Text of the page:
News Release Date: May 24, 2018
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(Press release originally distributed by the Department of the Interior Press Office)
WASHINGTON - The Department of the Interior today announced the selection of the "Hopewell Ceremonial Earthworks" in Ohio—a group of ancient American Indian sites including both Hopewell Culture National Historical Park and related properties owned by the State of Ohio/Ohio History Connection—as a proposed nomination by the United States to the World Heritage List.
The list recognizes cultural and natural sites of universal importance such as the Grand Canyon in Arizona, the Taj Mahal in India, and the Galápagos Islands in Ecuador. There are 1,073 sites in 167 of the 193 countries that have signed the World Heritage Convention—including 23 World Heritage Sites in the United States.
"World Heritage Sites are unique places of natural, historic and cultural importance that are treasured by people of all nations," said U.S. Secretary of the Interior Ryan Zinke. "The remarkable legacy of the Hopewell culture’s people in Ohio connects us to those who inhabited our land thousands of years ago. The World Heritage Convention offers us a way for the world to recognize their value."
The "Hopewell Ceremonial Earthworks" properties include:
Hopewell Culture National Historical Park, including the Mound City Group, Hopewell Mound Group, Seip Earthworks, High Bank Earthworks, and Hopeton Earthworks (Ross County)
Newark Earthworks State Memorial, including the Octagon Earthworks, Great Circle Earthworks, and Wright Earthworks (Licking County)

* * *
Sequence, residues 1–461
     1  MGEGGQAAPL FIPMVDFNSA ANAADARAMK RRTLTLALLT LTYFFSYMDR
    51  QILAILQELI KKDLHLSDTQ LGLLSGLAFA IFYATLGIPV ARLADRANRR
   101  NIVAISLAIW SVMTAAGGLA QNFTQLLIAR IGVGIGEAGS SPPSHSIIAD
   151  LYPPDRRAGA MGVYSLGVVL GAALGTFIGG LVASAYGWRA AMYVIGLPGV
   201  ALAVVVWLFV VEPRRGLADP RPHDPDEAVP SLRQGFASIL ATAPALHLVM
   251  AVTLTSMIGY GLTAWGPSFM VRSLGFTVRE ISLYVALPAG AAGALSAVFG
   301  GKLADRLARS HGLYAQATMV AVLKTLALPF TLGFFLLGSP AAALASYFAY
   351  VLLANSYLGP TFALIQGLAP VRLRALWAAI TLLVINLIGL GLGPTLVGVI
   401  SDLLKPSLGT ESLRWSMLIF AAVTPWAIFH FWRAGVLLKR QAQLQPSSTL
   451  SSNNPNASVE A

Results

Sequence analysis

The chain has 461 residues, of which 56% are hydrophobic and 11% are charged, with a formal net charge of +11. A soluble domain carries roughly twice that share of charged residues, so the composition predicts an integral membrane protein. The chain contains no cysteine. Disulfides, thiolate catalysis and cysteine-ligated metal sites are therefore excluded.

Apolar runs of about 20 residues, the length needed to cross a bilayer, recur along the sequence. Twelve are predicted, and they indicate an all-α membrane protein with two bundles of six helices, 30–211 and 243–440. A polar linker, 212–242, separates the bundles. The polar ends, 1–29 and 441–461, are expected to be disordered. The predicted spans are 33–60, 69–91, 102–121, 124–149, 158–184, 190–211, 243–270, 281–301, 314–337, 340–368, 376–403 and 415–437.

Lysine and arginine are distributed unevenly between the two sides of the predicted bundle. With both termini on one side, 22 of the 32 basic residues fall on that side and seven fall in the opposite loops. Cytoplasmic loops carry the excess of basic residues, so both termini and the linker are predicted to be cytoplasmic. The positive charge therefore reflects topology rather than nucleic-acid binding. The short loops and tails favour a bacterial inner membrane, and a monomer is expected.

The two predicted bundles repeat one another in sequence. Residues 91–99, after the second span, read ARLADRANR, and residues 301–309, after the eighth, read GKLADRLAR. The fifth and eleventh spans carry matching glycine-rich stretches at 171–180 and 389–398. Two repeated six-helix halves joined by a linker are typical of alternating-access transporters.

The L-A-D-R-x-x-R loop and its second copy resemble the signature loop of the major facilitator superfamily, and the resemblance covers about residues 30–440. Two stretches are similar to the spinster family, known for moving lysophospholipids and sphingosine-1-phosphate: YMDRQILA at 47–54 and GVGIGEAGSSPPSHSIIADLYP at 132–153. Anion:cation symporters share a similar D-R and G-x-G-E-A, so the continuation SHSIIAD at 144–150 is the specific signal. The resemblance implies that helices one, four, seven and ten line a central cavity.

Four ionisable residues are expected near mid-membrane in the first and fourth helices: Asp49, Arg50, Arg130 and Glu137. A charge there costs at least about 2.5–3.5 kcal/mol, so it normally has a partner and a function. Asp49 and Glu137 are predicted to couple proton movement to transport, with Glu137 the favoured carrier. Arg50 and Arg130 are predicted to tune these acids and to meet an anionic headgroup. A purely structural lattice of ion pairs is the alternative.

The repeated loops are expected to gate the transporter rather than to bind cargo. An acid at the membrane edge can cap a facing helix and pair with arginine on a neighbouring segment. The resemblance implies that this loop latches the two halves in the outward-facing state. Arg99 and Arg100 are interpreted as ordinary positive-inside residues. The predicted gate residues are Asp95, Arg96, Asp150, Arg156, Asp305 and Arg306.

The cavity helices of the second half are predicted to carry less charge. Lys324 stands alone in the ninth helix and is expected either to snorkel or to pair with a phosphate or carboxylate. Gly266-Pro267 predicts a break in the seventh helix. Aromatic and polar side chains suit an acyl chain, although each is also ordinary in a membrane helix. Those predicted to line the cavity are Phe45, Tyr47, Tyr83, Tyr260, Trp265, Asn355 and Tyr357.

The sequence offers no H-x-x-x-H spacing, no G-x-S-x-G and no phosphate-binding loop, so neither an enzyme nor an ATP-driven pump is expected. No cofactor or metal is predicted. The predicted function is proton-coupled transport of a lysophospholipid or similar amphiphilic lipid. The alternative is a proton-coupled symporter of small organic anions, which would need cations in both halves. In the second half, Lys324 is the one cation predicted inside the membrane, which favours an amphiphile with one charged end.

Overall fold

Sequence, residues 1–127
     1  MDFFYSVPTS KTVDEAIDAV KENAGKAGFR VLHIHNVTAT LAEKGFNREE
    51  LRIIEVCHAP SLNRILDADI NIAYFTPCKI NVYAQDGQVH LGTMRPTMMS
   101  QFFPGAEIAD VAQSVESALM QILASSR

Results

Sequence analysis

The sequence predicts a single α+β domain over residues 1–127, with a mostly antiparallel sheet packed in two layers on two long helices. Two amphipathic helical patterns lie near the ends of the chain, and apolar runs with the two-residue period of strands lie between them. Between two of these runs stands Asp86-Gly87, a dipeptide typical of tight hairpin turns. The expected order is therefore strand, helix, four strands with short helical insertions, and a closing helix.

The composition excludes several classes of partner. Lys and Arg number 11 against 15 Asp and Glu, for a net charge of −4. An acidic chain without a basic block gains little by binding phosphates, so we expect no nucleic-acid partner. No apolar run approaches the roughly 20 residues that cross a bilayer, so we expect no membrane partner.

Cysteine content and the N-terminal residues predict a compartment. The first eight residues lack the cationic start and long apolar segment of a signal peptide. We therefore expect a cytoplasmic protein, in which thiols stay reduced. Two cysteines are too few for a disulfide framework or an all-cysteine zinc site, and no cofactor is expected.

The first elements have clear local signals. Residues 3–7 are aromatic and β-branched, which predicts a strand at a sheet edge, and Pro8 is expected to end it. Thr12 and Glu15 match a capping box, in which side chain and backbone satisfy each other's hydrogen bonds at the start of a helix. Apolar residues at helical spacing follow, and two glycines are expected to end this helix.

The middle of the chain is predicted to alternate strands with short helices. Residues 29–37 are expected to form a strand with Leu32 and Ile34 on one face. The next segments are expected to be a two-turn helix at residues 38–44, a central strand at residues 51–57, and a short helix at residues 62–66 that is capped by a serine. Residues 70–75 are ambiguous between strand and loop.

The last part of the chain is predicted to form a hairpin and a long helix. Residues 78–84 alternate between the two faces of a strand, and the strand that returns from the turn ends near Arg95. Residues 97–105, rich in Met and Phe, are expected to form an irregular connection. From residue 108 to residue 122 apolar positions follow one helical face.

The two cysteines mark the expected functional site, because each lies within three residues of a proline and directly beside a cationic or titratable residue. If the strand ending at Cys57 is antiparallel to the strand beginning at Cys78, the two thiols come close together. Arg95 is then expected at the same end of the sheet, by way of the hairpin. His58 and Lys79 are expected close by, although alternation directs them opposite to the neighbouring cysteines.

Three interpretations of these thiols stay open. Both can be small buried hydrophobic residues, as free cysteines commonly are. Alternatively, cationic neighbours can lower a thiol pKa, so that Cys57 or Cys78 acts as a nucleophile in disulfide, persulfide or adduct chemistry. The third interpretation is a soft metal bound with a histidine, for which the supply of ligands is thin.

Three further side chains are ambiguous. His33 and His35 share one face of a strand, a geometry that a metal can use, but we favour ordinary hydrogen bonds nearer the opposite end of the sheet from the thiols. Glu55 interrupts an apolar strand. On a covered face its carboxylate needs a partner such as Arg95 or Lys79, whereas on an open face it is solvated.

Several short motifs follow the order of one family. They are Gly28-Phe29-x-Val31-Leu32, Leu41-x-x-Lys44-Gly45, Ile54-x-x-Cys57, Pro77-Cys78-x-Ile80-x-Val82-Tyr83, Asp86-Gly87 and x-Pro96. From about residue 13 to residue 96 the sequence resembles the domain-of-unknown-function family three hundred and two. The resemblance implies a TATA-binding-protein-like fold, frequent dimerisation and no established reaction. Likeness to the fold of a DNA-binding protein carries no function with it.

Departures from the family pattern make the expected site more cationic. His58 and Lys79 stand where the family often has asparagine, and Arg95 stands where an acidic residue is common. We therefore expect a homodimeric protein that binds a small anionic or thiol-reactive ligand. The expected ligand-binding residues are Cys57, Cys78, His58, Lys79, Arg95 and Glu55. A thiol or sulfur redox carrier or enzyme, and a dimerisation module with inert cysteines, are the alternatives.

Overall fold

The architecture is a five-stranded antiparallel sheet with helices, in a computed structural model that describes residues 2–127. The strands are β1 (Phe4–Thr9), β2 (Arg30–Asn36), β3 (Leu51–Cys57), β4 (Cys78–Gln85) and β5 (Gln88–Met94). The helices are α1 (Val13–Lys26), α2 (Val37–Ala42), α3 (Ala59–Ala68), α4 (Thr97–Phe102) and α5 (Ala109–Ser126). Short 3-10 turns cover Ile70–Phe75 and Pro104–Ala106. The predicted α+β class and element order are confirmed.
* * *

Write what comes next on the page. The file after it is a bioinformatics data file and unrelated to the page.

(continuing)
Fort Ancient State Memorial (Warren County)
During the Middle Woodland period (1,500 – 2,100 years ago) the Hopewell people built enormous, landscape-scale geometric earthworks over a large area of what is now southern Ohio, in an extraordinary expression of cooperative cultural activity. This area was the nexus of interaction with people as far away as the Yellowstone basin and Florida. The earthwork complexes incorporate precise geometry, with circles, squares, octagons and freeform enclosures intricately related by precise and standard units of measure. These are among the largest earthworks in the world that are not fortifications or defensive structures. They also demonstrate sophisticated astronomical observation, and contain extensive deposits of artifacts that are among the most outstanding art objects produced in ancient North America.
"I am pleased that the Department of the Interior has selected the Hopewell Ceremonial Earthworks as a proposed nomination to the World Heritage List," said Senator Rob Portman. "This site contains universal cultural value and tells the story of the Hopewell people who lived more than 2,000 years ago. The architecture, landscape, and structures were important ceremonial centers for the entire continent and its listing would help increase tourism and visitation to the site in southern Ohio. While I support the U.S.’s decision to withdraw from UNESCO and stand strong with our ally, Israel, I am pleased that the Department is contributing to the protection of the world’s most important sites like the Hopewell Ceremonial Earthworks."